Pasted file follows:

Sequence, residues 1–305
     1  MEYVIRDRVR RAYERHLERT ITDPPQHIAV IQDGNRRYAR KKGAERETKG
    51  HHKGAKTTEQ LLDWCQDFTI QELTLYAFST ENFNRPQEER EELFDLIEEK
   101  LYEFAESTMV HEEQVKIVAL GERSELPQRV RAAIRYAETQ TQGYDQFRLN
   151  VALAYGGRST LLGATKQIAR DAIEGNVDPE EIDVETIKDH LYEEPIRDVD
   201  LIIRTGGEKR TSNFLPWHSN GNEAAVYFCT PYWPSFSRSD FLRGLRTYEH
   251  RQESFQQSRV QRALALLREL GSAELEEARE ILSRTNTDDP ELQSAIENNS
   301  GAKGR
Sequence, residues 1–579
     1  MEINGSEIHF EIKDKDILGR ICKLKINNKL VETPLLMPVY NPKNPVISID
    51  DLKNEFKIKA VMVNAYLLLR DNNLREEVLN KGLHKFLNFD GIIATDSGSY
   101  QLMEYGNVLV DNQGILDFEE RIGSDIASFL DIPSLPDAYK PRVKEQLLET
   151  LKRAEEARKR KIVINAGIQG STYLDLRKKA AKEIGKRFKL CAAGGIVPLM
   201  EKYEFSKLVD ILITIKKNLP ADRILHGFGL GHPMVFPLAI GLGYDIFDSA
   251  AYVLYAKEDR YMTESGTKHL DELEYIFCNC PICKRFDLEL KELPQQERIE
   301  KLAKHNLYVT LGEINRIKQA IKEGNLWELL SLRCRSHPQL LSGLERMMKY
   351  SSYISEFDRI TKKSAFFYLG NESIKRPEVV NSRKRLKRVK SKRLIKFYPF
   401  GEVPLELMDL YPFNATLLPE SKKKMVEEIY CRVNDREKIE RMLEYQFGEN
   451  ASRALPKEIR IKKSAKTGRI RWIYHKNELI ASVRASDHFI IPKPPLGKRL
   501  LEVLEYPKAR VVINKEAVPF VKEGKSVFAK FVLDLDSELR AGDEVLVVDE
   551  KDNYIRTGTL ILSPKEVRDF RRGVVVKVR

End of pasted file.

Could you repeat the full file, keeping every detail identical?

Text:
Sequence, residues 1–305
     1  MEYVIRDRVR RAYERHLERT ITDPPQHIAV IQDGNRRYAR KKGAERETKG
    51  HHKGAKTTEQ LLDWCQDFTI QELTLYAFST ENFNRPQEER EELFDLIEEK
   101  LYEFAESTMV HEEQVKIVAL GERSELPQRV RAAIRYAETQ TQGYDQFRLN
   151  VALAYGGRST LLGATKQIAR DAIEGNVDPE EIDVETIKDH LYEEPIRDVD
   201  LIIRTGGEKR TSNFLPWHSN GNEAAVYFCT PYWPSFSRSD FLRGLRTYEH
   251  RQESFQQSRV QRALALLREL GSAELEEARE ILSRTNTDDP ELQSAIENNS
   301  GAKGR
Sequence, residues 1–579
     1  MEINGSEIHF EIKDKDILGR ICKLKINNKL VETPLLMPVY NPKNPVISID
    51  DLKNEFKIKA VMVNAYLLLR DNNLREEVLN KGLHKFLNFD GIIATDSGSY
   101  QLMEYGNVLV DNQGILDFEE RIGSDIASFL DIPSLPDAYK PRVKEQLLET
   151  LKRAEEARKR KIVINAGIQG STYLDLRKKA AKEIGKRFKL CAAGGIVPLM
   201  EKYEFSKLVD ILITIKKNLP ADRILHGFGL GHPMVFPLAI GLGYDIFDSA
   251  AYVLYAKEDR YMTESGTKHL DELEYIFCNC PICKRFDLEL KELPQQERIE
   301  KLAKHNLYVT LGEINRIKQA IKEGNLWELL SLRCRSHPQL LSGLERMMKY
   351  SSYISEFDRI TKKSAFFYLG NESIKRPEVV NSRKRLKRVK SKRLIKFYPF
   401  GEVPLELMDL YPFNATLLPE SKKKMVEEIY CRVNDREKIE RMLEYQFGEN
   451  ASRALPKEIR IKKSAKTGRI RWIYHKNELI ASVRASDHFI IPKPPLGKRL
   501  LEVLEYPKAR VVINKEAVPF VKEGKSVFAK FVLDLDSELR AGDEVLVVDE
   551  KDNYIRTGTL ILSPKEVRDF RRGVVVKVR